As Lancelot’s sacroiliac injury was less tender, towards the end of the week I also brought him in and gave him a little lunging. He moves quite sound, but I didn’t put any weight on his back just in case. He was very well behaved and not at all as hyper as he usually is, but a little clumsy. I am very wary to be working him much until the chiro sorts out his back, so we’ll stick to light lunging and basic groundwork – loading and bathing – until that’s been done.

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Lunging photos FTW

Our new arrival also had her first work week. Whisper is a little cremello mare that is here to be schooled and resold. I backed her in the spring for her owner and had put in some basics – walk and trot, a few steps of canter – before she was turned away for a few months. She is a very happy-go-lucky sort that is not much bothered by anything really, and I was back on her in short order doing everything we’d done before barring the canter. She finds the ring rather too small to balance at a canter with her rider on, so we’ll try that out in the big arena next week. On the ground she’s incredibly easy and relaxed to handle, which is a good thing, because dabbing sunscreen around pink cremello eyes is made considerably easier by a cooperative horse.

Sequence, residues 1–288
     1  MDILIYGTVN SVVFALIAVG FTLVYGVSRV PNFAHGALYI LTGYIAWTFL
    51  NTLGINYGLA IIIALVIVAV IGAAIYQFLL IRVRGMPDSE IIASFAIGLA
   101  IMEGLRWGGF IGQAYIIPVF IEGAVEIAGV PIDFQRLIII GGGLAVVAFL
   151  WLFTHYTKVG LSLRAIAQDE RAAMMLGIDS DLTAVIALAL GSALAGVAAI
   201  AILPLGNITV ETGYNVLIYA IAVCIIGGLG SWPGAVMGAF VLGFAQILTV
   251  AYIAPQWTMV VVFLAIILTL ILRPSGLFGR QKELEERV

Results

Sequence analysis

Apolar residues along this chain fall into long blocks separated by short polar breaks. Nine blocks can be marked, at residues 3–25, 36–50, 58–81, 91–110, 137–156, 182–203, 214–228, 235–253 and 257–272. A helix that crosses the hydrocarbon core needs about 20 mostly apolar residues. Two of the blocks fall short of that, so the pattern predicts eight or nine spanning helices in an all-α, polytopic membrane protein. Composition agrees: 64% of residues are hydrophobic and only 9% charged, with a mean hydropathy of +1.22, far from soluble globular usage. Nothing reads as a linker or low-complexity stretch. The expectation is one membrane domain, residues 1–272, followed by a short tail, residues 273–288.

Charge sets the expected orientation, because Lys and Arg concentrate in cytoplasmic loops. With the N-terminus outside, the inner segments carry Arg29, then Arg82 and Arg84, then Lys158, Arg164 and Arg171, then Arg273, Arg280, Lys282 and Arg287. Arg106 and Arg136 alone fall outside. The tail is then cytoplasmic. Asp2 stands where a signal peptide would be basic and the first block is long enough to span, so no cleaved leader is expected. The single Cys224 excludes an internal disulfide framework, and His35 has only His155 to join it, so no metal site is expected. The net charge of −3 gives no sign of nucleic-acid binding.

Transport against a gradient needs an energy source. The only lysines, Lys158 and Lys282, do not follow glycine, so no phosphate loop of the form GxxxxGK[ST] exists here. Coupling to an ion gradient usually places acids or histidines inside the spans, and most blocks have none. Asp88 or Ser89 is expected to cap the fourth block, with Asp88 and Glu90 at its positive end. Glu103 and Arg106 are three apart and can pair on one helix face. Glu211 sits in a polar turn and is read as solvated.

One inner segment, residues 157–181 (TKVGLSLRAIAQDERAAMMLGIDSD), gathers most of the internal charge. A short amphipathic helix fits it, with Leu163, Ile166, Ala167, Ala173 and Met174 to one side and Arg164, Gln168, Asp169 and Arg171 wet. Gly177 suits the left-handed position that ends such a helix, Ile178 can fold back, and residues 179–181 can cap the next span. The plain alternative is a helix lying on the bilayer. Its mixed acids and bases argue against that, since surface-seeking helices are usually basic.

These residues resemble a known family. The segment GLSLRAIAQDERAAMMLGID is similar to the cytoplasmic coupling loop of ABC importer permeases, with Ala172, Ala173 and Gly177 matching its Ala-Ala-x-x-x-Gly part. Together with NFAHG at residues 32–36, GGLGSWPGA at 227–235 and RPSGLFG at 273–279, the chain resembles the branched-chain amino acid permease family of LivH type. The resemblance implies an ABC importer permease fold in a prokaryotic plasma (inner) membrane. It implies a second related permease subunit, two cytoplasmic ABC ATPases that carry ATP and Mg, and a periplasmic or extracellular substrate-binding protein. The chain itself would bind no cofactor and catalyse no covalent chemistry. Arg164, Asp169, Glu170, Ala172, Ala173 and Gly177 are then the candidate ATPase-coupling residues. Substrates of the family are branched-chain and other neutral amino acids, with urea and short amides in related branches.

Thunder and Stardust had a very busy and good week being loved to bits by their kids. Dusty went on her first proper long group outride and was a perfect little angel, not putting a toenail wrong. Dusty is rather good at being a perfect little angel. Baby Thunder remains occasionally careless over fences, but still his straight, solid self.

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The best schoolies ❤